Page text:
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Perera v. The Rector Wardens and Vestrymen of Grace Church in the Town of Union, Inc.

A-2852-00T2 (N.J. Super. App. Div. 2002) (Unpublished)

SIDEWALKS— Whether a legislative change or a decision from the New Jersey Supreme Court, a religious organization will not be liable for sidewalk accidents in front of its house of worship.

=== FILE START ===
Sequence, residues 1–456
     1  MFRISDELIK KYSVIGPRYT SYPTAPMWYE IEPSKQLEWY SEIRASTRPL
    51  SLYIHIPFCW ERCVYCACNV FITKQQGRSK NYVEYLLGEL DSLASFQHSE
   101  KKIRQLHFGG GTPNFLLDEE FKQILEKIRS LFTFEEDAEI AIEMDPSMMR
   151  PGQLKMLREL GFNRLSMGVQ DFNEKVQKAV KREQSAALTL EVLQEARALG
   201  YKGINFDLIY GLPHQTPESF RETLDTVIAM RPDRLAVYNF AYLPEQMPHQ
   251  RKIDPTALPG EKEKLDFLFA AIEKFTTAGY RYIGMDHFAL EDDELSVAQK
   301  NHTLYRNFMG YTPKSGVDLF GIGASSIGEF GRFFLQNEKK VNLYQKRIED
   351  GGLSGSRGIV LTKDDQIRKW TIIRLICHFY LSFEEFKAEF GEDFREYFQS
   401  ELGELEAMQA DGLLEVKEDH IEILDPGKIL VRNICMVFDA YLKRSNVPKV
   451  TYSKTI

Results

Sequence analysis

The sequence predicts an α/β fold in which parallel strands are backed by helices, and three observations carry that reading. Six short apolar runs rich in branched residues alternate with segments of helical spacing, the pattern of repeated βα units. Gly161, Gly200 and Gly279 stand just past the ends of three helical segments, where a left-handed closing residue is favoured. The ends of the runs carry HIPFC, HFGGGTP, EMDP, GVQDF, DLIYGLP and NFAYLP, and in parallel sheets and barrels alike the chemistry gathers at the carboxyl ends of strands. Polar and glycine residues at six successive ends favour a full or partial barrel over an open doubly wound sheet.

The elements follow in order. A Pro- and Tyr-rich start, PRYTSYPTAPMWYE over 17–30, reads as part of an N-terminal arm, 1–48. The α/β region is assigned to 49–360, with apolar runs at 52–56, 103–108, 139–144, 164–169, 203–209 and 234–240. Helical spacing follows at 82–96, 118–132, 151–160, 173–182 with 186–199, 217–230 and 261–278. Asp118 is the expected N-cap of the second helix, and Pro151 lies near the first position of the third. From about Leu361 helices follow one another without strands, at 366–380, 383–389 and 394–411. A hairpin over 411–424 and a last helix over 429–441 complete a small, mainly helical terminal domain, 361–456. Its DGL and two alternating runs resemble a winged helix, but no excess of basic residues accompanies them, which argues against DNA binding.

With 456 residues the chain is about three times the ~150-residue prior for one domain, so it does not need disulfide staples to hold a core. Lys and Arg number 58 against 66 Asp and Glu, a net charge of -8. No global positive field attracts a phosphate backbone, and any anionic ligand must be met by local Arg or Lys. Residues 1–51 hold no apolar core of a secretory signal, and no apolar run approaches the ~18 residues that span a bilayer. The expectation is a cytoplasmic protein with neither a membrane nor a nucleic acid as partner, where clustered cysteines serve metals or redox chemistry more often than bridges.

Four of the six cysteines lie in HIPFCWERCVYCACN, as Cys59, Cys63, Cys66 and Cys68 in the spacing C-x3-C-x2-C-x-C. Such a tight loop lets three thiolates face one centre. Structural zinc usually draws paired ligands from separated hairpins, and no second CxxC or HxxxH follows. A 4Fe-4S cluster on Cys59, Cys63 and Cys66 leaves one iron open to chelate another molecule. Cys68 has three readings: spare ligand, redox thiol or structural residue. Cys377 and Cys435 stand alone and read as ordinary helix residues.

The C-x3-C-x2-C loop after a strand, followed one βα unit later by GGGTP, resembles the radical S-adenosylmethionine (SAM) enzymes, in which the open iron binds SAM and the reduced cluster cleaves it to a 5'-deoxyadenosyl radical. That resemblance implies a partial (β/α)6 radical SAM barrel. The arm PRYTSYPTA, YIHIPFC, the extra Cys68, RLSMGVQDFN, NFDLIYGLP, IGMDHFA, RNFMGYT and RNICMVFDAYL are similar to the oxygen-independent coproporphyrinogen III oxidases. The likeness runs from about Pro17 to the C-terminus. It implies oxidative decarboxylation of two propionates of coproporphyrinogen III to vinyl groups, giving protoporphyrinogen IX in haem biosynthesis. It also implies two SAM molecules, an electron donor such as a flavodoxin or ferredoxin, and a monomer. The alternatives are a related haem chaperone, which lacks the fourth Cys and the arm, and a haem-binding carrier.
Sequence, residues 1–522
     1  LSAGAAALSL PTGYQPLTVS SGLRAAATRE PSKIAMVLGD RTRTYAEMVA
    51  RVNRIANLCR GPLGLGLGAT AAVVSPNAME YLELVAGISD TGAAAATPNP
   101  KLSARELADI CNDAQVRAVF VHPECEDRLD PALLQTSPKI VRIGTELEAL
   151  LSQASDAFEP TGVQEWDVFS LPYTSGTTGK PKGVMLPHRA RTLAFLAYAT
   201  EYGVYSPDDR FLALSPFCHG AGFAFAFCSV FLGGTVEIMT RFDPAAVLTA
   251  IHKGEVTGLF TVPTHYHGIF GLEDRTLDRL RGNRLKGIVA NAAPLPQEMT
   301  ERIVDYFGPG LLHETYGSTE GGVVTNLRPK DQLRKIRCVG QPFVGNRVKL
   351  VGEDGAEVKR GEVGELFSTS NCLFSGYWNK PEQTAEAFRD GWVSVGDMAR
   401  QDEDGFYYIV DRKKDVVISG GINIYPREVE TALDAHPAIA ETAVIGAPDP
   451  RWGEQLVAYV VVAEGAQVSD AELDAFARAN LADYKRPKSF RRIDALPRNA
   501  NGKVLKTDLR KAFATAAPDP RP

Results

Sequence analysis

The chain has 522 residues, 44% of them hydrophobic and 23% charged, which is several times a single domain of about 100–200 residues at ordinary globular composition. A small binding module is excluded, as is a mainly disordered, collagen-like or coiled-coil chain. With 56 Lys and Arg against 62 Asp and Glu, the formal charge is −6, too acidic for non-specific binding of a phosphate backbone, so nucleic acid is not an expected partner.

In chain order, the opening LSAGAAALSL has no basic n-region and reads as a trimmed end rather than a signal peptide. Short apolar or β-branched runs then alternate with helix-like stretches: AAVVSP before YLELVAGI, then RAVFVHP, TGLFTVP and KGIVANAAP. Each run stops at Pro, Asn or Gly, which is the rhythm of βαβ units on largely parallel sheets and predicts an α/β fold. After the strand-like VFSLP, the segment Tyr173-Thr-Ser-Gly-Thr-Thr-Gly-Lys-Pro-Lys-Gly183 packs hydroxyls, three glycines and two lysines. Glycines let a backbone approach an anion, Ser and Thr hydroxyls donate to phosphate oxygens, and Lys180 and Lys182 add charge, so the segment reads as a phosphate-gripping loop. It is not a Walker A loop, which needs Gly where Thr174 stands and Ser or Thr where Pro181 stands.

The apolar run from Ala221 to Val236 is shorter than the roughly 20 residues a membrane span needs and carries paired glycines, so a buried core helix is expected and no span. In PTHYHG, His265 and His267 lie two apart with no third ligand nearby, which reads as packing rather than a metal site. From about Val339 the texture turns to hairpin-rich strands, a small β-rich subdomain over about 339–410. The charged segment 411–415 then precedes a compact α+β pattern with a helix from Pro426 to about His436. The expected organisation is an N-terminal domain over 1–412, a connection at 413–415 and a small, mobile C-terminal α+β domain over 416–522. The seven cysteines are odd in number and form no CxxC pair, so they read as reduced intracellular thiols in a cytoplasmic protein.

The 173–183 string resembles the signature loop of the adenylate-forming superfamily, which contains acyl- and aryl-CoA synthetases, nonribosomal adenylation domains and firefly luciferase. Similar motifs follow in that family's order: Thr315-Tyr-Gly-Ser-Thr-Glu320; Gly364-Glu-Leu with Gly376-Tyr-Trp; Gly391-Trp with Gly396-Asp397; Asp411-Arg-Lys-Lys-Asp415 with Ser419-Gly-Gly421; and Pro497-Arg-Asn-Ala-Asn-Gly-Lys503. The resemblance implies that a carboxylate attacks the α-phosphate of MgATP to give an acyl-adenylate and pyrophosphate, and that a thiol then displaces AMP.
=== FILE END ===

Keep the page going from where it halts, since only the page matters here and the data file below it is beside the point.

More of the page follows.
A pedestrian was injured “when he fell on a cracked and broken public sidewalk located in front of” a church. Although the church’s property included “a parish hall and a parsonage, the fall incurred in front of the church itself.” The church building was occasionally used by community groups, “making minor donations or paying minimal fees for such use.” The inured pedestrian argued that under these circumstances, a church should no longer be immunized from actions for personal injuries. The Appellate Division disagreed, pointing to 1985 case law which stated that New Jersey had “not yet imposed an affirmative duty on charitable and religious institutions to maintain public sidewalks abutting their properties or risk money damages for injuries caused to the public by unrepaired defects.” It didn’t matter that a 1988 case permitted a personal injury action in a slip and fall case where the injury occurred on snow and ice on a public sidewalk that abutted a school owned and operated by a non-profit religious organization. The 1988 Court only extended its findings “to similarly situated parochial and private schools.” Nonetheless, this Court refused to make religious organizations liable for sidewalk accidents happening in front of houses of worship, opining instead that new causes of action, such as the one proposed by the pedestrian, generally “should be created by legislative enactment or by the Supreme Court rather than by an intermediate appellate court.”


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